Skip to main content
more options



Research Interests

Our research focuses on developing and applying state-of-the-art single-molecule methods to characterize and understand the properties of nanoscale materials and biological systems.  Compared with traditional ensemble measurements, the single molecule approach removes ensemble averaging, so that distributions and fluctuations of molecular properties can be characterized and transient intermediates identified. The single-molecule techqniues we employ include single-molecule fluorescence imaging, single-molecule FRET, single-molecule tracking, super-resolution localization microscopy, and magnetic tweezers. Our research program provides students with scientific training spanning from sophisticated microscopy/spectroscopy techniques, rigorous data analyses to protein and genetic engineering using modern molecular biology techniques, as well as nanotechnology and nanomaterials. Currently our research has the following directions (each with a few exemplary publications).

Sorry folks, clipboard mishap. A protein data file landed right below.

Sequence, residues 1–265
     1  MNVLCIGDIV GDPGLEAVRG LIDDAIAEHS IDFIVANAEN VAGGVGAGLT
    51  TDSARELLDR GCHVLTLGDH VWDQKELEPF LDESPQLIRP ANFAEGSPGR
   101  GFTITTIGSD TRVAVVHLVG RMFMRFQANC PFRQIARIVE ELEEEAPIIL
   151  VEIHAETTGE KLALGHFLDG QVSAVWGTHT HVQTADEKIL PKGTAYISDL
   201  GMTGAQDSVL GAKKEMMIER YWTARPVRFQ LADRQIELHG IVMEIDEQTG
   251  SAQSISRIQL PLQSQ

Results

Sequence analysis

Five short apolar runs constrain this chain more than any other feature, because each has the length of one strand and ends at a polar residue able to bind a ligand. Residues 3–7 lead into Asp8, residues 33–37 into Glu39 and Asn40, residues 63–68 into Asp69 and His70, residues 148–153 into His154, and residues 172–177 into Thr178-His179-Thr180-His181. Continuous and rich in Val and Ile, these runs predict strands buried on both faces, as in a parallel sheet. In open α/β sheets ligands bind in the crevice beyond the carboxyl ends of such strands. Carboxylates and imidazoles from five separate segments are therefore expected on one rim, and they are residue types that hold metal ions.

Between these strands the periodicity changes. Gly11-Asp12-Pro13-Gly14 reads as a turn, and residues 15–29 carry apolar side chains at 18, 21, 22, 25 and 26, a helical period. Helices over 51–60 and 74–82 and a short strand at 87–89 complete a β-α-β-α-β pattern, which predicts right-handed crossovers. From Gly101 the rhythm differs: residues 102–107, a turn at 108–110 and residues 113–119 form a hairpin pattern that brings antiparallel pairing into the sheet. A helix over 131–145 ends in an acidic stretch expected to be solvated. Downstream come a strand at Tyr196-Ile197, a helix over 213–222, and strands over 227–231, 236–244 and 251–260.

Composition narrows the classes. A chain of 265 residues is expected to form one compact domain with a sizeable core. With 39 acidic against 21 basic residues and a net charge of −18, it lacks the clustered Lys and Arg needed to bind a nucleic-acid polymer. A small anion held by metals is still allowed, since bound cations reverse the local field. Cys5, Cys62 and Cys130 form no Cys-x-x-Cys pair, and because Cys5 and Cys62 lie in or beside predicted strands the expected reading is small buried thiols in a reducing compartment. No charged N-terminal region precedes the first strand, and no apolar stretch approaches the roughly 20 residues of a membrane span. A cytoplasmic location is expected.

(1) Single-molecule nanocatalysis.

This research direction in our group is to develop and apply single-molecule methods to study the catalytic, photocatalytic and photoelectrocatalytic properties of nanoscale materials. These materials possess novel or superior catalytic properties compared with their bulk counterparts. Understanding their catalytic properties is important, but hampered by their structural inhomogeneity for ensemble measurements. We are developing novel single-molecule methods to interrogate nanoscale catalysts to understand their structure-function relationships. Currently, we are working on:

(2) Single-molecule bioinorganic chemistry.

Here we develop and apply single-molecule methods to understand how metalloproteins function both in vitro and  living cells. Our current efforts are focused on the protein machineries involved in metal homeostasis in cells:

(3) Protein folding in living cells.

Here we study at the single-molecule level the dynamic processes associated with how a protein is folded once translated from the ribosome inside cells.